Pre-election privacy harmed by turf wars

Even the most sensitive information is not properly protected, despite the potential harm that could be caused to the state or the public by the release of the information.

May 7, 2019 01:18
2 minute read.
State Comptroller Yosef Shapira

State Comptroller Yosef Shapira. (photo credit: MARC ISRAEL SELLEM/THE JERUSALEM POST)

The right to privacy for Israeli citizens is not properly protected, due to internal battles among government authorities that have prevented a privacy law passed in 1981 from being updated, State Comptroller Joseph Shapira found in his report published Monday.
The report’s findings are significant, due to controversies about the right to privacy that emerged ahead of the April 9 election. The report does not mention the election in any way, but Shapira’s spokesman Shlomo Raz said “the election highlighted the sensitivity of the issue.”
In the six-month investigation, the state comptroller found improprieties in the work of the National Privacy Protection Authority in the Justice Ministry, singling out its lack of involvement in protecting databases in the public sector and the lack of enforcement policies.
But those policies cannot be changed without passing key legislation that has been worked on for six years and then updated last year as new legislation that was not advanced. The bill would have increased the enforcement ability of the authority’s registrar, but the state comptroller wrote that it was halted due to a turf war between the Justice Ministry and the National Cyber Authority in the Prime Minister’s Office.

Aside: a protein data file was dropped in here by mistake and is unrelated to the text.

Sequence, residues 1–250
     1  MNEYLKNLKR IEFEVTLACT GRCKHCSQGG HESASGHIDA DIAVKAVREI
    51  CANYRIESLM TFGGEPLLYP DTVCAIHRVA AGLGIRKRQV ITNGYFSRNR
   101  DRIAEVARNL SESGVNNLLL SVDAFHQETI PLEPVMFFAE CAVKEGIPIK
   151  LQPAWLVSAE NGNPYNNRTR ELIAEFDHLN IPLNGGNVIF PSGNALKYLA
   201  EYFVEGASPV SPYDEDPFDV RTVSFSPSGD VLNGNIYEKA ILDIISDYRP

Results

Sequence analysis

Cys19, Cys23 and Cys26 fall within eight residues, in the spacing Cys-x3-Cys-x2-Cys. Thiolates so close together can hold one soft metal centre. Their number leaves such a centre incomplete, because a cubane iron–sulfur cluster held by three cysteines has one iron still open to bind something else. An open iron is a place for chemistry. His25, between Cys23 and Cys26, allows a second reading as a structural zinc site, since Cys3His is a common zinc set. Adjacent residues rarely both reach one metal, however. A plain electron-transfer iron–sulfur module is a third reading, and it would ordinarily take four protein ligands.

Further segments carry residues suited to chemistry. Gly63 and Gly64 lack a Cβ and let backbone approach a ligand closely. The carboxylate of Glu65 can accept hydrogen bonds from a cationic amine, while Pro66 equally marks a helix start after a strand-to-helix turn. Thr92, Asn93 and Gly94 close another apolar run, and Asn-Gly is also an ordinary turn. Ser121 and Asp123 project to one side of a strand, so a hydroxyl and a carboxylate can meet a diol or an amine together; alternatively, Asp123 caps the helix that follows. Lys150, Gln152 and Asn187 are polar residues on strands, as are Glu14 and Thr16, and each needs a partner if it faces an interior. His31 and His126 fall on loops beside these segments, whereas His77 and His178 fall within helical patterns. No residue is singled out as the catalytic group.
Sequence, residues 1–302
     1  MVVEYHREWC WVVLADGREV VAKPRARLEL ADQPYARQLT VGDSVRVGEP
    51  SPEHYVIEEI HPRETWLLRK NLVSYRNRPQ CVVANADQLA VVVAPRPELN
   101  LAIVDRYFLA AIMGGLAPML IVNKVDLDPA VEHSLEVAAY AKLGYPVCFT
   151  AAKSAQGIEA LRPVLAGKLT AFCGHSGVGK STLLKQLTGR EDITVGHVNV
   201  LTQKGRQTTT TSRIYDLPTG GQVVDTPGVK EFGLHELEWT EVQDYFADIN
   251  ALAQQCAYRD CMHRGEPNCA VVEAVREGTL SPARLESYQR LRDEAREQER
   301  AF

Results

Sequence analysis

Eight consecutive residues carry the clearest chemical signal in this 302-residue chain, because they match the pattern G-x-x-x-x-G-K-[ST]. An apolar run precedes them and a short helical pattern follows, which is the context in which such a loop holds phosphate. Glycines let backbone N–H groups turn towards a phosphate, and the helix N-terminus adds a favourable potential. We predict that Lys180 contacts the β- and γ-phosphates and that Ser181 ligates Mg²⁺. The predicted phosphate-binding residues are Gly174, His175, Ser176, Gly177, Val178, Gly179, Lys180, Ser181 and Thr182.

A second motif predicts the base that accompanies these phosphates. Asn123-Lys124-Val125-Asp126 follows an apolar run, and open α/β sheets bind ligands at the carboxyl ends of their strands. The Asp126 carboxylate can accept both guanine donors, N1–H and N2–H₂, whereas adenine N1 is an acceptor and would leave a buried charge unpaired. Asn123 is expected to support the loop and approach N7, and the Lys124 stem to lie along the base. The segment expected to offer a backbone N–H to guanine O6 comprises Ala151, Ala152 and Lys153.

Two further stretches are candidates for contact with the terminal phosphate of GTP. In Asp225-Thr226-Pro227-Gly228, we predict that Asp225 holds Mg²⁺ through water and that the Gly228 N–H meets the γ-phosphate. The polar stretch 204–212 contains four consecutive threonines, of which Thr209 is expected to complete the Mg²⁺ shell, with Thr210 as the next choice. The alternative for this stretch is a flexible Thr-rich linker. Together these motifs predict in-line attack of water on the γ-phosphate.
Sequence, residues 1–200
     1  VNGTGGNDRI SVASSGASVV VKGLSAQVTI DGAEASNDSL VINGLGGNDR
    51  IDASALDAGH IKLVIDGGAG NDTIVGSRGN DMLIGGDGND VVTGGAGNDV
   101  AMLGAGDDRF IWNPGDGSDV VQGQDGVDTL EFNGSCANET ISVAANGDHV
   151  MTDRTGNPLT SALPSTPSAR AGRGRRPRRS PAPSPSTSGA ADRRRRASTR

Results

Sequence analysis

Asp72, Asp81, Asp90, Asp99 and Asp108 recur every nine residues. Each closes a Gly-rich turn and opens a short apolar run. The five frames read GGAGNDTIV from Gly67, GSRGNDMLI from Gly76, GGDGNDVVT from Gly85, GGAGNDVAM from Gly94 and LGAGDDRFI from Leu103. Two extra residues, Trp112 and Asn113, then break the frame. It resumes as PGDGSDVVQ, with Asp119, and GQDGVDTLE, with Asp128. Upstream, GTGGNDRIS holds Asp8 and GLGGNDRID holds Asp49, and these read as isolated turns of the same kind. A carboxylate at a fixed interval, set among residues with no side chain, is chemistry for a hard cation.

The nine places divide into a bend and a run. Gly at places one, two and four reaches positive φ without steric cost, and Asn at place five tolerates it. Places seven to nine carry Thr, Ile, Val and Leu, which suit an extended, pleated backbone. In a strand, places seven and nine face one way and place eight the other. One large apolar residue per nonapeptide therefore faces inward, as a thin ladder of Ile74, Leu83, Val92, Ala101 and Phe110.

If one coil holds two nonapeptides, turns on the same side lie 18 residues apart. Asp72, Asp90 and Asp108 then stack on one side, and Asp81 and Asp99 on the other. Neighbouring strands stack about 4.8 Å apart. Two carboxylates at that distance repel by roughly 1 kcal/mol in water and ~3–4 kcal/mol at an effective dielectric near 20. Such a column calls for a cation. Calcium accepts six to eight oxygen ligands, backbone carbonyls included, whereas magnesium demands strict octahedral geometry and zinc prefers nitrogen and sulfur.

“Until the law is updated, there are no effective sanctions, including on those who violate their obligation to protect key data, which harms the deterrent capabilities of the National Privacy Protection Authority,” Shapira warned.
He complained that the privacy authority is not involved in key government projects and important deliberations in the Knesset.

Governmental bodies that are legally obligated to report to the privacy authority do not bother to do so, making it impossible for the authority to conduct proper oversight.
Even the most sensitive information is not properly protected, despite the potential harm that could be caused to the state or the public by the release of the information.  The authority did not bother publishing any new directives from 2013 to 2016, and published just 15 in 2018, while the comptroller’s investigation was taking place.
Shapira said the time had come to recognize technological developments that impact how privacy is maintained.
The state comptroller called upon the Justice Ministry to prioritize key changes necessary in the law and set a timetable for passing them. He also called for an end to the turf war.
“The Justice Ministry, Prime Minister’s Office and the Cyber Authority must find the proper balance between the right to privacy and the Cyber Authority’s needs in order to enable the privacy authority’s enforcement capabilities to be advanced by law.”

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